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At $950, Would You Go All-In On This 1984 Plymouth Colt GTS Turbo Project?
At $950, Would You Go All-In On This 1984 Plymouth Colt GTS Turbo Project?
2024-02-19 EST 22:09:13

Nice Price or No Dice 1984 Plymouth Colt GTS Turbo project

One of the calling cards of today’s Plymouth Colt is its “Twin Stick” overdrive gear change, which gives the car eight speeds going forward and two in reverse. Let’s see if this project car has anything else to offer.

Just as Goldilocks discovered when appropriating Papa Bear’s lifestyle and finding it all too much to handle, so too did the majority of you find the $5,900 asking price on yesterday’s too grand for your liking. In support of that price, the ad claimed the truck to be well-maintained and that it exhibited “pride of ownership.” It’s been said that pride goeth before a fall, and for the 60 percent of you who gave the 4X4 truck a No Dice loss, that fall in its price couldn’t come soon enough.

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Today’s is from the same year as yesterday’s Nissan— 1984. That, however, is where the similarities end. Unlike the comfortably worn-in and hard-working appearance of yesterday’s Nissan, this Plymouth looks like it’s got one tire in the junkyard.

The Colt comes from an era when Chrysler had little money and almost as little imagination. Built by partner Mitsubishi, the Colt had originally been a Dodge exclusive when imports first began in the early ’70s. Things changed with the introduction of the fourth generation model in 1978, which switched to FWD and expanded to Plymouth dealers as the short-lived Champ.

Image for article titled At $950, Would You Go All-In On This 1984 Plymouth Colt GTS Turbo Project?

The Champ didn’t prove worthy of its name, so in 1983, Chrysler stopped even pretending that there was any difference between Dodge and Plymouth and switched the latter’s small import to the shared name of Colt. The company would follow the same unimaginative strategy a decade later with the Neon.

Seeking to add some spice to the model and perhaps make up for the lackluster naming choice, Chrysler introduced a turbocharged edition of the Colt for the 1984 model year. Branded as the GTS Turbo, the model offered a 102 horsepower 1.6-liter SOHC four featuring fuel injection and was made available with Mitsubishi’s wonderfully weird “Twin Stick” four-speed with overdrive on all four gears manual.

Image for article titled At $950, Would You Go All-In On This 1984 Plymouth Colt GTS Turbo Project?

This is one of those rare GTS Turbo models. Or, at least, it was. You see, this car needs—looks over the ad—seemingly everything.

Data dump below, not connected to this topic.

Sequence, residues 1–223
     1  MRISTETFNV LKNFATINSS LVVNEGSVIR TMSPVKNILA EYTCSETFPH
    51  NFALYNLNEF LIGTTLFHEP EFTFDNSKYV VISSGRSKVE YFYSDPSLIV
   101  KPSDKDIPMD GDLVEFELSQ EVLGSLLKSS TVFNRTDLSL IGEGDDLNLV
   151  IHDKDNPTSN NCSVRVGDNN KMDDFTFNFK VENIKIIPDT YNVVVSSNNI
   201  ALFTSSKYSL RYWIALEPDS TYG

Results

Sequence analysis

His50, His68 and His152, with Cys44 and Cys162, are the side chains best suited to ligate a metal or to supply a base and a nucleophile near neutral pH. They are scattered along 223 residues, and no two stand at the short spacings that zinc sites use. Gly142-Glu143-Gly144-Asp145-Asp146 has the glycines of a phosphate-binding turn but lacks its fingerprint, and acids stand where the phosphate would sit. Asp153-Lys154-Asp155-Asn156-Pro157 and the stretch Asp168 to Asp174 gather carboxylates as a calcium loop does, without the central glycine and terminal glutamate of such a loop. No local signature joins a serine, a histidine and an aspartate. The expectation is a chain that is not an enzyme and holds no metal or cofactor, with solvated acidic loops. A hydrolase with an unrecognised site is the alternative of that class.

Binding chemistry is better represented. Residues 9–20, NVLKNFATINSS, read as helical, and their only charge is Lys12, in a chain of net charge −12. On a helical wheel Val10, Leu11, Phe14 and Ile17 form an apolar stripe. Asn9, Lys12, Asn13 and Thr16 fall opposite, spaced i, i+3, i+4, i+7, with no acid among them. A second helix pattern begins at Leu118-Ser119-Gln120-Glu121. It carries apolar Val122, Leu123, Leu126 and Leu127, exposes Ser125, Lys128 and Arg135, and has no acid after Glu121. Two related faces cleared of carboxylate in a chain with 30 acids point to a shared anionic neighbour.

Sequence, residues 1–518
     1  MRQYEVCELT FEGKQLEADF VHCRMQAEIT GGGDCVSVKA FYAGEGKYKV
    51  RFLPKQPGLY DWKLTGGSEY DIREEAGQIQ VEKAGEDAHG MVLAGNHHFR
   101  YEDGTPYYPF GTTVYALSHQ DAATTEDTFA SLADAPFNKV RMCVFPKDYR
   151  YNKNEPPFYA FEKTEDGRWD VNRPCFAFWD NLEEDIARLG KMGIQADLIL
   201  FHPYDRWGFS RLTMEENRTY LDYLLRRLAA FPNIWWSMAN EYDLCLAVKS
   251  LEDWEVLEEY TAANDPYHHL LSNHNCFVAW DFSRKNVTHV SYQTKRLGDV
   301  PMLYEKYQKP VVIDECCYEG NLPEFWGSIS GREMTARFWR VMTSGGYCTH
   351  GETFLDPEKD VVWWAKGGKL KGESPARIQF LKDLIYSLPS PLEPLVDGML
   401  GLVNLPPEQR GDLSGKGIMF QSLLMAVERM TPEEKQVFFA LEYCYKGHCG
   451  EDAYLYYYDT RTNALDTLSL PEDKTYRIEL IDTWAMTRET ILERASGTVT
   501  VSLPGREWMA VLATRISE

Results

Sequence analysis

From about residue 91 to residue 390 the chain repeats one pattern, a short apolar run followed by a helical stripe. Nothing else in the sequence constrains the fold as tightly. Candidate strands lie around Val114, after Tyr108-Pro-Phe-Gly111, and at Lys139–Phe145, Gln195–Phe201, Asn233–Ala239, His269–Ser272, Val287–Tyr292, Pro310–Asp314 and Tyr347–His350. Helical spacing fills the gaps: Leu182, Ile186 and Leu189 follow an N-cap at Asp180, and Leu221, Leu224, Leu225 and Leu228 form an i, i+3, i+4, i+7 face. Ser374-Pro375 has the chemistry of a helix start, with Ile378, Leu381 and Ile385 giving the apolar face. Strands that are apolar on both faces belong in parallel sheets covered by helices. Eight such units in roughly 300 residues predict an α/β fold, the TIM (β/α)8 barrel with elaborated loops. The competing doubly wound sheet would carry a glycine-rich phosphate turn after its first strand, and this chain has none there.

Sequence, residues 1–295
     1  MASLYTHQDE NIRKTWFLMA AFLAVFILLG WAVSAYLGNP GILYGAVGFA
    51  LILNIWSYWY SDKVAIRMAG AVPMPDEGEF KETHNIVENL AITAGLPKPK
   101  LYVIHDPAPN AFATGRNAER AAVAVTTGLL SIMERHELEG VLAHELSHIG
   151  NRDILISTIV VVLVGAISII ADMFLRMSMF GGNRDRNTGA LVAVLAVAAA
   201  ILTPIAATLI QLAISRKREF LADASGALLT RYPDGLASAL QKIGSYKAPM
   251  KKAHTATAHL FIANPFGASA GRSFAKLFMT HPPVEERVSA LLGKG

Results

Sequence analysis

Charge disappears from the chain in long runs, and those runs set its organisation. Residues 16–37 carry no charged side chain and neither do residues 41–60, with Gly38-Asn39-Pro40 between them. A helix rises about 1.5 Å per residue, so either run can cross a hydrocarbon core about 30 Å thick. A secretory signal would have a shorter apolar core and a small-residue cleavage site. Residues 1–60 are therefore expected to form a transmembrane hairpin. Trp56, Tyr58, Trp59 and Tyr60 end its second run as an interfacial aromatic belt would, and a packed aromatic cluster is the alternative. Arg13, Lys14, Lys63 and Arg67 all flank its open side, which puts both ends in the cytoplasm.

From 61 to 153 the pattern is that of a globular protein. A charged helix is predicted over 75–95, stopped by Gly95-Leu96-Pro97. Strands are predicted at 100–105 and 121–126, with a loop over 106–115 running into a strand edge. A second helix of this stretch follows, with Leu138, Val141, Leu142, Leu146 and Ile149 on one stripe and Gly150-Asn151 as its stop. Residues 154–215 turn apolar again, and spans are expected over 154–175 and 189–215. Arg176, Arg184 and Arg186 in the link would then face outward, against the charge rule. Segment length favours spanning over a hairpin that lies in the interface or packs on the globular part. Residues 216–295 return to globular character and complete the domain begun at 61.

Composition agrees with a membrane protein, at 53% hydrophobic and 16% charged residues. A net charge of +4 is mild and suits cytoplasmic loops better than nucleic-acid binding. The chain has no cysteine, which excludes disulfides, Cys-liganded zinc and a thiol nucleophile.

According to the seller, the car does not run, does not have a title, and has a number of missing parts that are probably only available in some other part of the Spiderman Multiverse. With consideration of the daunting task ahead for anyone willing to take this project on, the seller jovially asks, “If you love spending 8k fixing up a car to make it worth 7k, I’ve got your next one here!”

Image for article titled At $950, Would You Go All-In On This 1984 Plymouth Colt GTS Turbo Project?

The ad does note that while the title is missing, the VIN does come up as clean. The car is also fairly complete where it counts, with all the glass intact and the drivetrain, while not running, seemingly being made capable of doing so. It also has some good-looking aftermarket alloy wheels and what the seller describes as “decent tires,” so it should easily roll onto a trailer or rent-a-dolly.

Image for article titled At $950, Would You Go All-In On This 1984 Plymouth Colt GTS Turbo Project?

It’s also fairly rust-free, save for a couple of mouse holes in the driver’s door. The interior is in contrastingly terrible shape, having lost much of its upholstery and the dash cap. Everything else looks like it would require a hazmat suit to so much as touch, much less live with. There are just over 128,000 miles on the clock, although it’s debatable whether mileage on a car of this nature matters in the slightest.

This is, after all, a project. Or maybe it’s some sort of stationary art installation. Either way, it will seemingly cost someone $950 to obtain—bill of sale only.

The current owner suggests that they would also consider trades for the car and are especially keen on a vintage street motorcycle or some sort of classic bicycle. Hell, I’d like a daily foot massage from Taylor Swift, too, but I don’t see either of these things happening in this universe.

Image for article titled At $950, Would You Go All-In On This 1984 Plymouth Colt GTS Turbo Project?

So, we’ll just have to consider this project at its $950 asking. What do you think? Does that seem like a fair price to take on a restoration of a rare and funky ’80s hot hatch icon? Or should this Colt simply be put out to pasture?

You decide!

Phoenix, Arizona, , or go if the ad disappears.

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